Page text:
“Seismic & Fisheries:
Marine seismic surveys have been conducted since the 1950s, and experience shows that fisheries and seismic activities can and do coexist. There has been no observation of direct physical injury or death to free-ranging fish caused by seismic survey activity.
In accordance with the regulations implementing the Marine Mammal Protection Act amended, the U.S. National Marine Fisheries Service has issued an incidental harassment authorization to the Lamont-Doherty Earth Observatory of Columbia University to incidentally harass marine mammals during a marine geophysical survey in the Aleutian Islands, Alaska. The authorization is effective for a period of one year, from September 1, 2020, through August 31, 2021
On March 27, 2020, NMFS received a request from L–DEO for an IHA to take marine mammals incidental to a marine geophysical survey along and across the Aleutian Andreanof Arc in Alaska. L– DEO submitted a revised version of the application, which was deemed adequate and complete, on June 25, 2020. NMFS published a proposed IHA for public review and comment on July 28, 2020 (85 FR 45389).
Editor’s Note: The International Association of Geophysical Contractors published the following position statement:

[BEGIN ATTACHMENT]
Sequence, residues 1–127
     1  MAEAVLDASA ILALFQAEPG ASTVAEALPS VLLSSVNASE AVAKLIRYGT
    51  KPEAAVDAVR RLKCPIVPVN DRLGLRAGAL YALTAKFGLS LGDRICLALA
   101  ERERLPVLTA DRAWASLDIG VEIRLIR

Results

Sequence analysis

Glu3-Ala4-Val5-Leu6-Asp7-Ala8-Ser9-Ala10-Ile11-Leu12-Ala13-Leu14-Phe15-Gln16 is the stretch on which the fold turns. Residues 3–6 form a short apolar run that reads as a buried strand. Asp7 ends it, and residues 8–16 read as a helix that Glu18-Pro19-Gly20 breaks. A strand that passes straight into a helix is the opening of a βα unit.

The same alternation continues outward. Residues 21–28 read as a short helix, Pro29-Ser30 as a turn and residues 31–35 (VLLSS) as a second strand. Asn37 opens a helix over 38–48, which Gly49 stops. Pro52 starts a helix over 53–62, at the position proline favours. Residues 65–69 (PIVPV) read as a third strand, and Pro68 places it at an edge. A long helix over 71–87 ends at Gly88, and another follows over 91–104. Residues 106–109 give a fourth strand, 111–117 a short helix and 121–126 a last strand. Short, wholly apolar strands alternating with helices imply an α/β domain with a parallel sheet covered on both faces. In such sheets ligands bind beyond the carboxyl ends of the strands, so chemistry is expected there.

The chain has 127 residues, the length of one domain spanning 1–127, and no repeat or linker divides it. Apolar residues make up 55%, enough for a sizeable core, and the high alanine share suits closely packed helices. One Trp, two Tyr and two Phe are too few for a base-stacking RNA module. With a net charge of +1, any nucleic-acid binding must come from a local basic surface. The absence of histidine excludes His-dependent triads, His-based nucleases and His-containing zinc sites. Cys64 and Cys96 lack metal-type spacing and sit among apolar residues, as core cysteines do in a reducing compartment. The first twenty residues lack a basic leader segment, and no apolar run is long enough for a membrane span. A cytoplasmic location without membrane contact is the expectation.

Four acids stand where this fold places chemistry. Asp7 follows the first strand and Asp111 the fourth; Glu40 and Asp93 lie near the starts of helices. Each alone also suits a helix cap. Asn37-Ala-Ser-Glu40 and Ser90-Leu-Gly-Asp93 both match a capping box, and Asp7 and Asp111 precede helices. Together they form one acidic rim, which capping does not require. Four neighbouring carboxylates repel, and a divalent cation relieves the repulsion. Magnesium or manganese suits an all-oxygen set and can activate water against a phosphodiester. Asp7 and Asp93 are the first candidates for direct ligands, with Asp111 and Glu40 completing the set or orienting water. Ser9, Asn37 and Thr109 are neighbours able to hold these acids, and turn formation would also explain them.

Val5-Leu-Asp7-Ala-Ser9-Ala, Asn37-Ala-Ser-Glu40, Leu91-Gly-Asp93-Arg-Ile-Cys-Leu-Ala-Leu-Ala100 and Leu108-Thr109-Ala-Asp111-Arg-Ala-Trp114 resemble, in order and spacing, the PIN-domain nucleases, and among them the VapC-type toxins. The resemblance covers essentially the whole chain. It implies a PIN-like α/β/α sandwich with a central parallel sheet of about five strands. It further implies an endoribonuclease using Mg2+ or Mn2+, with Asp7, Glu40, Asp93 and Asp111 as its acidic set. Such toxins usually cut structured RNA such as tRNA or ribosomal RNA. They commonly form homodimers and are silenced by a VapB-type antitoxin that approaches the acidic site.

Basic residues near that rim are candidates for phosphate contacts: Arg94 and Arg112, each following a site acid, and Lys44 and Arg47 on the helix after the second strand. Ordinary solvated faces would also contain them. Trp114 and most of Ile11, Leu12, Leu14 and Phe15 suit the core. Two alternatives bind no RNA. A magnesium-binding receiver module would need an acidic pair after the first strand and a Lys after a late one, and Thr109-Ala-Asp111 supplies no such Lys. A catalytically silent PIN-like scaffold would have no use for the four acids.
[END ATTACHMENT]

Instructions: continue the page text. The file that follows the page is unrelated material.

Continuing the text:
“Dolphin shutdown policies propose that seismic operations stop or ramp down for dolphins. These dolphin shutdown proposals, as mitigation measures, broadly and substantially impact seismic operations but have no corresponding environmental benefit or scientific support. Dolphins are mid- to high-frequency specialists and, therefore, are not sensitive to the low-frequency impulse sounds emitted by seismic operations in areas of high-density dolphin populations, such as the US Gulf of Mexico, shutdown requirements for a species that frequently exhibits bow-riding behavior could bring all seismic survey activity to a halt.
In NRDC v. Bernhardt, No. 2:18-cv-01882 (E.D. LA), environmental and conservation groups have sued the Department of Interior and NOAA/NMFS alleging that their regulation of oil and gas seismic in the Gulf of Mexico violates various federal laws. The case has been stayed pending settlement negotiations. On August 6, 2020, the judge in this case granted the parties’ motion to extend the stay until December 1, 2020. The parties’ stay motion made several arguments in support of this stay extension, including the fact that the rules being discussed in the potential settlement “must undergo interagency review pursuant to E.O. 12866.”